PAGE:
WITH THE ban on single-use plastic coming into force on July 1, the government will be setting up control rooms at national and state levels to ensure its effective enforcement, Environment, Forests and Climate Change Minister Bhupender Yadav said on Tuesday.
Apart from the control rooms, which will be supervised by the Central Pollution Control Board, special enforcement teams will be formed to check illegal manufacture, import, stocking, distribution, sale and use of the 12 banned single-use plastic items that was announced by the ministry last year. States and Union Territories have been asked to set up border check points to stop inter-state movement of any banned single-use plastic item, said CPCB officials.
The list of banned items include ear buds with plastic sticks, plastic sticks for balloons, plastic flags, candy sticks, ice-cream
sticks, polystyrene (thermocol) for decoration, plastic plates, cups, glasses, cutlery such as forks, spoons, knives, straw, trays, wrapping or packing films around sweet boxes, invitation cards, cigarette packets, plastic or PVC banners less than 100 micron, stirrers.
“The items have been chosen on the basis of three criteria – their low utility, high littering potential and availability of alternative materials. We know that the manufacturers of these banned items have already shifted or are in the process of shifting, and notices had been sent out by the CPCB last year to these companies alerting them of the ban and to begin the process. We have given manufacturers plenty of time for preparation – 11 months – before the ban was to come into force. We believe that we have their support and cooperation,” said Yadav at an informal press briefing.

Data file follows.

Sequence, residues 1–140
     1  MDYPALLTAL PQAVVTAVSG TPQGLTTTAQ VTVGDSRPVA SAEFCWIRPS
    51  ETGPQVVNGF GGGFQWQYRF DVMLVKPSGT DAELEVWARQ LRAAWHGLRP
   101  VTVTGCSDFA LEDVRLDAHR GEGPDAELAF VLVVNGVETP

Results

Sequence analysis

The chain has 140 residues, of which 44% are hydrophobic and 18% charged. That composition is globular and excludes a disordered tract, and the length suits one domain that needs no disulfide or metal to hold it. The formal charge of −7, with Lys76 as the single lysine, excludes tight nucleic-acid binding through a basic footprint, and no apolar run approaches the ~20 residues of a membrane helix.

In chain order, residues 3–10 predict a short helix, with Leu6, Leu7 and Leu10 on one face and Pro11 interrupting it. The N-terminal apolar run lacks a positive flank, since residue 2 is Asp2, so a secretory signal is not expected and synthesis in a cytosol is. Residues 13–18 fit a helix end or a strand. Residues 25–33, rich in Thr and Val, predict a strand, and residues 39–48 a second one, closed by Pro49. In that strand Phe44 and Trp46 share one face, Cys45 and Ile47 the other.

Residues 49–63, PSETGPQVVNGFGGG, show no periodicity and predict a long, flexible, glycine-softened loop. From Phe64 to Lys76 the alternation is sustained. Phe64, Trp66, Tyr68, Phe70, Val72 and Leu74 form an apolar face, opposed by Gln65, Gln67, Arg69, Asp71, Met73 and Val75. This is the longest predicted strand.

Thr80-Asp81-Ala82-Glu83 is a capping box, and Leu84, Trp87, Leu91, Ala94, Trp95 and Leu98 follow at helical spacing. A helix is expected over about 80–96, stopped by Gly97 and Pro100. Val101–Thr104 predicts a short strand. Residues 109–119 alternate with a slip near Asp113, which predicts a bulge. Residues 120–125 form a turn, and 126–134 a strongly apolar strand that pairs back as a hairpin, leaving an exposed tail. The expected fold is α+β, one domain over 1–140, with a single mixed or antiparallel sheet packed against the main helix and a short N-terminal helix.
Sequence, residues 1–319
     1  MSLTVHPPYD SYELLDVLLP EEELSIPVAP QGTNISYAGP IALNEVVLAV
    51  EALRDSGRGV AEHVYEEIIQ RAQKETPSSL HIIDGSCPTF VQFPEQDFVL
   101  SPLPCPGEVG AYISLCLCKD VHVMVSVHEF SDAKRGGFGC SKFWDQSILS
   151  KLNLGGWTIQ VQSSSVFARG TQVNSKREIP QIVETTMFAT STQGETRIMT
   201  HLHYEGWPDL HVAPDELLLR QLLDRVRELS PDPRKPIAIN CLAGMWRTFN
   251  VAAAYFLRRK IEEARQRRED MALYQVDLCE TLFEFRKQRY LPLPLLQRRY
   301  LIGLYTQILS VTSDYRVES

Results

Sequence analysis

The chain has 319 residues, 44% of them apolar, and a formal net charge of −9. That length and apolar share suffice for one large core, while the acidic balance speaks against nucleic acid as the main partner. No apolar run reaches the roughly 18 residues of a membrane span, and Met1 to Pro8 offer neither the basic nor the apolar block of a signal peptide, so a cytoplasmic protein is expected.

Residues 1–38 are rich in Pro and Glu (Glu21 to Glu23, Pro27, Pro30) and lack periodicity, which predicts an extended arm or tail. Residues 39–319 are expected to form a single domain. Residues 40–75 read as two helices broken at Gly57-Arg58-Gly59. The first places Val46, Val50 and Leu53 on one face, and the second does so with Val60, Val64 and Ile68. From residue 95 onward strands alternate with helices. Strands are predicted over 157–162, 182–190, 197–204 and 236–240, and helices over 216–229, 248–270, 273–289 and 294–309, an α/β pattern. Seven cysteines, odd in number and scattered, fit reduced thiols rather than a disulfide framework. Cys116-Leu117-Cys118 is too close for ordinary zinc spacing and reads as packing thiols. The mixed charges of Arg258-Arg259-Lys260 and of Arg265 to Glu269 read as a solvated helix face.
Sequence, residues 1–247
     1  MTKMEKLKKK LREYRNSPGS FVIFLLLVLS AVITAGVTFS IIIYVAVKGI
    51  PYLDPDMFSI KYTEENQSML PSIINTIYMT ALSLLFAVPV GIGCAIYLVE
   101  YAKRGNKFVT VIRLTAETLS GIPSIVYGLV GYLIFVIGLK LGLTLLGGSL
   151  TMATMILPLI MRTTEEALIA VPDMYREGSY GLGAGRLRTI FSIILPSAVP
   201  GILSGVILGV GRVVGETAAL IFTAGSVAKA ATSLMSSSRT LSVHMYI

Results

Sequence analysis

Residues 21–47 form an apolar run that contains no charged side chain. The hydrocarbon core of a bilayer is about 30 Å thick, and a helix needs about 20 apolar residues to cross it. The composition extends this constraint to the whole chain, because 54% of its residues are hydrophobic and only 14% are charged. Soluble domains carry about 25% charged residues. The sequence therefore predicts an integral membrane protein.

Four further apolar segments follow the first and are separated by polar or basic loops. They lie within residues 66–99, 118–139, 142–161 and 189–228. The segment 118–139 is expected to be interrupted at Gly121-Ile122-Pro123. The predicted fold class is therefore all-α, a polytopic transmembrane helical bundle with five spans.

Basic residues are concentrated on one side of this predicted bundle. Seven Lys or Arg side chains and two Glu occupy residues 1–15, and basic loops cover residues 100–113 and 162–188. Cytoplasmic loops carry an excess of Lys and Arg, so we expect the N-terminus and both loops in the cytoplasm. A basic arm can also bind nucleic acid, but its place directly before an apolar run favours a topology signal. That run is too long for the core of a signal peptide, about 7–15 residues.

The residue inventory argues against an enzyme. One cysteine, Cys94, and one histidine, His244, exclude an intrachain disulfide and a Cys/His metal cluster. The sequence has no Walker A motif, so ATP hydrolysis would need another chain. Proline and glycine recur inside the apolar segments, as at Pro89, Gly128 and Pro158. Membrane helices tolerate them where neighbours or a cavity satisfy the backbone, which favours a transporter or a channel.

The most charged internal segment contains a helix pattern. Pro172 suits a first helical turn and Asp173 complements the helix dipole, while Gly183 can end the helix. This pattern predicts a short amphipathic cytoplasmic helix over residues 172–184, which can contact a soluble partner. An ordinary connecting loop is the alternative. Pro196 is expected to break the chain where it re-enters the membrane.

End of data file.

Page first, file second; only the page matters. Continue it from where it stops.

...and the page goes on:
According to the CPCB, plastic waste generation in 2020-21 was 41,26,997 tonnes, while per capita waste generation was 3 kg per annum. There are 683 units manufacturing single-use plastic with a cumulative capacity of 2.44 lakh per annum. The CPCB has already revoked or modified the consent of 433 units.
The CPCB further said that characterization of plastic waste in 18 cities has found that the percentage of single-use plastic in total plastic waste is between 10% and 35 %.
The use of these items by consumers is also banned. But the minister has said, that penalties are unlikely to be transferred to the consumer as, “If the banned item simply does not exist in the market, then it can’t be used.’’
Yadav said the government has over the past year focused on encouraging industry and MSMEs to come up with alternatives to plastic, including biodegradable plastic and compostable plastic.
The government has awarded works to seven startups developing solutions, including bio-degradable packaging material made from crop stubble waste among others.
Till June this year, the CPCB has already awarded certificates to 194 plants for production of compostable plastic with another 61 applications in process. The certified plants have a capacity to produce 3 lakh tonnes of compostable plastic per annum.
Senior polymer scientist and adjunct professor at Mumbai-based Institute of Chemical technology, Dr Vijay G Habbu, however, warned against bio-degradable and compostable plastic.
“The direction that the government has taken is the correct one by targeting low utility items first. However, biodegradable plastic can be very hazardous because in order for plastic to degrade, additives need to be added which fragments plastic into micro-plastics – and this can be very difficult to deal with, while it continues to remain in the environment,” he said.